THE RUNNING joke went like this: The 2011 Georgia baseball team should've played five infielders and let Zach Cone and Johnathan Taylor patrol the entire outfield. The two juniors were that good. Otherwise, though, they cut different figures. Cone, the son of an NFL player and younger brother of another, was built like a vending machine, 6'2" and 202 pounds, and was pegged as a solid major league prospect. Taylor, a 5'8" lefty, was strong but more sinewy and blessed with a talent for making plays and getting on base when it was crucial. The two were among the fastest players in the SEC, if not all of college baseball, stealing bases in bulk and depriving batters of what would otherwise be hits.
So when a Florida State hitter sent a pitch whistling into the gap between left and centerfield, a liner that seemed to pick up speed as it cleared the shortstop, there was no guarantee it would drop for a hit. It was the top of the third inning of an afternoon game on March 6, 2011. Georgia was hosting the Seminoles, one of the country's best teams. The stands were dotted with major league scouts, a fact that—who knows?—might have given Cone and Taylor even more incentive to chase that damn ball. With singular focus they took off as if propelled by jets, blazing a trail toward each other.
Cone was in left, Taylor in center. Neither had time for an "I got it!" or a "Mine!" As Cone lay out to make a diving catch, so did Taylor. They were two vectors intersecting. Taylor's head smashed into Cone's left hip. Cone caught the ball and held on to it. On the ground neither player moved. In the stands there was silence, partly because no one was sure what had just happened.
ZACH CONE and Johnathan Taylor had been in the same recruiting class in the fall of 2008, and as freshman competed for a starting spot in the Bulldogs' outfield. If that wasn't enough to put some space between them, their backgrounds didn't promise much of a connection. Cone grew up in suburban comfort in Stone Mountain, Ga. His father, Ronny, once a football star at Georgia Tech and briefly a running back for the Jets, worked as a manager at Kraft Foods in Atlanta, while mom Janet taught preschool. Zach's brother Kevin was a wide receiver at Tech and is in camp with the Falcons this summer. Zach arrived in Athens with a quiet self-confidence.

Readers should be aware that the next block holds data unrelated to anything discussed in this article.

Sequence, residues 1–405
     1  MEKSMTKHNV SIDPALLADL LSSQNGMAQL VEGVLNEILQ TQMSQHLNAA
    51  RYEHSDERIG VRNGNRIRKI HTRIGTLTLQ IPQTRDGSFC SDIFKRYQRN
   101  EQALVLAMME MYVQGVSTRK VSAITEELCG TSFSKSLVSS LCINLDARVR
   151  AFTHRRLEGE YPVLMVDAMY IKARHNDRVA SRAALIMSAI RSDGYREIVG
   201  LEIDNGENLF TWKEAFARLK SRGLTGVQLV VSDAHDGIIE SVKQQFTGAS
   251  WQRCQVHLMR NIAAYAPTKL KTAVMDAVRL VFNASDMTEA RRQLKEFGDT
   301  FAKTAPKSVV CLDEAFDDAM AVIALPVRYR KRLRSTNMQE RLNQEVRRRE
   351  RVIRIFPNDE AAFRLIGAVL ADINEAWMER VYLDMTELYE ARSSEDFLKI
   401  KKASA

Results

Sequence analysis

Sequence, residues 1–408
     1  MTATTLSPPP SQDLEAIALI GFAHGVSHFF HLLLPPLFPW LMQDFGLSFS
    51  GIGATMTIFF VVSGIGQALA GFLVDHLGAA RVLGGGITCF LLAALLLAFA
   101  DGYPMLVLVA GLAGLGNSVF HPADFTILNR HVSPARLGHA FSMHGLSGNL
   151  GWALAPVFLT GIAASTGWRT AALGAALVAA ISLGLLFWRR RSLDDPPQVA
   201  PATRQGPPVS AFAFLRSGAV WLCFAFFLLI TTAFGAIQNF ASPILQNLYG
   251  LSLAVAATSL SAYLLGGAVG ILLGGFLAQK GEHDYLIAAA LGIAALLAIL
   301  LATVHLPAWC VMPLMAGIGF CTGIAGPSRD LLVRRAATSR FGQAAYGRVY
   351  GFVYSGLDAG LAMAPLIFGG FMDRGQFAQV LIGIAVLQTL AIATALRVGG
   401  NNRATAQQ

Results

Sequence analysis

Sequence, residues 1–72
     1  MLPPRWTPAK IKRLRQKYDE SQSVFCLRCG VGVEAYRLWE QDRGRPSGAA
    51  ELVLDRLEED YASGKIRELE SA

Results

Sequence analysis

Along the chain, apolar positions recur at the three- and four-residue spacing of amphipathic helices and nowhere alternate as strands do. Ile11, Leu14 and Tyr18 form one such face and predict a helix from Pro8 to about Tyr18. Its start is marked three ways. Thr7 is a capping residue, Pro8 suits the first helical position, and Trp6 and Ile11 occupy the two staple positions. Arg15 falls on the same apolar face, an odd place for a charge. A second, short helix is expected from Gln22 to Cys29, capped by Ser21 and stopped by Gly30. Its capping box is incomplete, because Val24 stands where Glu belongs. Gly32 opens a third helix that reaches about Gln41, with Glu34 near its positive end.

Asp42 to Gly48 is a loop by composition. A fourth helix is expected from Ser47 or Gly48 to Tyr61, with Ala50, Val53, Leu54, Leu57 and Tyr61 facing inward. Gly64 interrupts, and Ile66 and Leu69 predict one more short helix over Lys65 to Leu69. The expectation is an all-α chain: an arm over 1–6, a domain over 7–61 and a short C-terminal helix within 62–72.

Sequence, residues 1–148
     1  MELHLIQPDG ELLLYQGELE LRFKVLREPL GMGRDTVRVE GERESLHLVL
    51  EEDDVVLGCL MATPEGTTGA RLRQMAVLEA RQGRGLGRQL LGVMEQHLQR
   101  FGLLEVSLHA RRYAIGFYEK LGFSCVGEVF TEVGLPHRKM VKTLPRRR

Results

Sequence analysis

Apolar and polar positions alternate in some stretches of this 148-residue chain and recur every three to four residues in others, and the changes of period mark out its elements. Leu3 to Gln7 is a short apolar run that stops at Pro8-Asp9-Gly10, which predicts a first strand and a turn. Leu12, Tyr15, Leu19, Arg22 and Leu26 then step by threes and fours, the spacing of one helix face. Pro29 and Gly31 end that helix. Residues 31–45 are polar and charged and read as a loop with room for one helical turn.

Taylor was more eager to ingratiate himself—"I've always wanted to be the guy everyone likes," he says flatly. A smile and a joke were his default mode as he walked campus. He came from working-class Acworth, Ga., outside Atlanta, the oldest of three brothers raised by an indomitable single mom, Tandra, who worked as a bookkeeper and held a second job cleaning offices after hours. While J.T., as he's always been known, never wanted for anything, there weren't a lot of luxuries. During one of Taylor's first weeks at Georgia, baseball coach David Perno noticed that the freshman was walking funny. The players had been given new cleats, and Taylor's were two sizes too small. Simply grateful for the shoes, "J.T. didn't want to complain," says Perno. "So he kept wearing them."
Almost immediately, though, Cone and Taylor became bracketed together, their similarities far surpassing their differences. Living in the same residence hall on East Campus, they hung out in each other's rooms playing video games (Taylor invariably winning) and talking about girls, and they went to parties together. "The usual college things," says Taylor. "Lots of fun but nothing too crazy."
Beyond the overlapping interests, they had similar dispositions. Both took school seriously. Both were social but could also be low-key. They identified as baseball players but had plenty of friends who were on other UGA teams or didn't play sports at all.
As freshmen Cone and Taylor won starting jobs, alternating between leftfield and centerfield, neither preferring one position to the other. They warmed each other up before games and played catch between innings. On road trips they always roomed together. The summer after his freshman year, Cone played for the Cotuit Kettleers in the famed Cape Cod League. The next summer he took his buddy with him. They both played on the Kettleers and stayed with the same host family.